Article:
Cocaine-induced locomotor stimulation involves autophagic degradation of the dopamine transporter

Maged M. Harraz, Prasun Guha, In Guk Kang, Evan R. Semenza, Adarsha P. Malla, Young Jun Song, Luke Reilly, Isaac Treisman, Pedro Cortés, Mark A. Coggiano, Vijayabhaskar Veeravalli, Rana Rais, Gianluigi Tanda, Solomon H. Snyder

Research output: Contribution to journalArticlepeer-review

Abstract

Cocaine exerts its stimulant effect by inhibiting dopamine reuptake leading to increased dopamine signaling. This action is thought to reflect binding of cocaine to the dopamine transporter (DAT) to inhibit its function. However, cocaine is a relatively weak inhibitor of DAT, and many DAT inhibitors do not share the behavioral actions of cocaine. We previously showed that toxic levels of cocaine induce autophagic neuronal cell death. Here, we show that subnanomolar concentrations of cocaine elicit neural autophagy in vitro and in vivo. Autophagy inhibitors reduce the locomotor stimulant effect of cocaine in mice. Cocaine-induced autophagy degrades transporters for dopamine but not serotonin in the nucleus accumbens. Autophagy inhibition impairs cocaine conditioned place preference in mice. Our findings indicate that autophagic degradation of DAT modulates behavioral actions of cocaine.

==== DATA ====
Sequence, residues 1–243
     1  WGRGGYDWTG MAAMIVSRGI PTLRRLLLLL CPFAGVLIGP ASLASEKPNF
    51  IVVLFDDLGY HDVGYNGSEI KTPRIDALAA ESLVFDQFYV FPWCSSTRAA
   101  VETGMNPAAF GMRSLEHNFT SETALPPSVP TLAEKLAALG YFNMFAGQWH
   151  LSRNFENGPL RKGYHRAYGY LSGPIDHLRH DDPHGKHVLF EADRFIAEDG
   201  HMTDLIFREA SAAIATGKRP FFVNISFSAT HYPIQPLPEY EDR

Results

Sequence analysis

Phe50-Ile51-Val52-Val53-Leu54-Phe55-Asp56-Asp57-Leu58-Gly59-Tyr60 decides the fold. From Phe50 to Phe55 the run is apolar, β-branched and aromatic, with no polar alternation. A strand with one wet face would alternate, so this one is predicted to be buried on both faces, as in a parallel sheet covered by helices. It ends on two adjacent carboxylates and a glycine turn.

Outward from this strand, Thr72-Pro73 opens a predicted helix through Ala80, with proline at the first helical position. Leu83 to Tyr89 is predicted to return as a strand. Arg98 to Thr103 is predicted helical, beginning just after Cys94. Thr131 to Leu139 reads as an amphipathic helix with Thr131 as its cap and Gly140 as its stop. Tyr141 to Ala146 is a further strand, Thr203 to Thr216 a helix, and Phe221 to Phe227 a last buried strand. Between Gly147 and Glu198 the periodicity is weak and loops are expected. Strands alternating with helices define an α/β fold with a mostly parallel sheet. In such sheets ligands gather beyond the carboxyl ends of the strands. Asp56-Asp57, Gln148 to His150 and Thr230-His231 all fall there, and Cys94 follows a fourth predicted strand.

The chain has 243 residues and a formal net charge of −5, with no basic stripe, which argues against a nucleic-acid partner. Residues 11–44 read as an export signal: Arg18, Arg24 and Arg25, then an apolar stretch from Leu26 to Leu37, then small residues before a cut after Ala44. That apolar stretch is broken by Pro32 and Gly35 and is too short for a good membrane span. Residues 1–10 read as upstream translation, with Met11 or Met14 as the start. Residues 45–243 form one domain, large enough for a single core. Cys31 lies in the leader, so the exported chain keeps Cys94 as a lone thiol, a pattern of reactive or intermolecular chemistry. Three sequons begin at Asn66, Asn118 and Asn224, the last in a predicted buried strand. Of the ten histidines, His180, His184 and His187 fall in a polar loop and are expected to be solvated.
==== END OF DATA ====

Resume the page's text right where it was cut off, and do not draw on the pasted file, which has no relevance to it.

Original languageEnglish (US)
Pages (from-to)370-382
Number of pages13
JournalMolecular psychiatry
Volume26
Issue number2
DOIs
StatePublished - Feb 2021

ASJC Scopus subject areas

  • Molecular Biology
  • Cellular and Molecular Neuroscience
  • Psychiatry and Mental health

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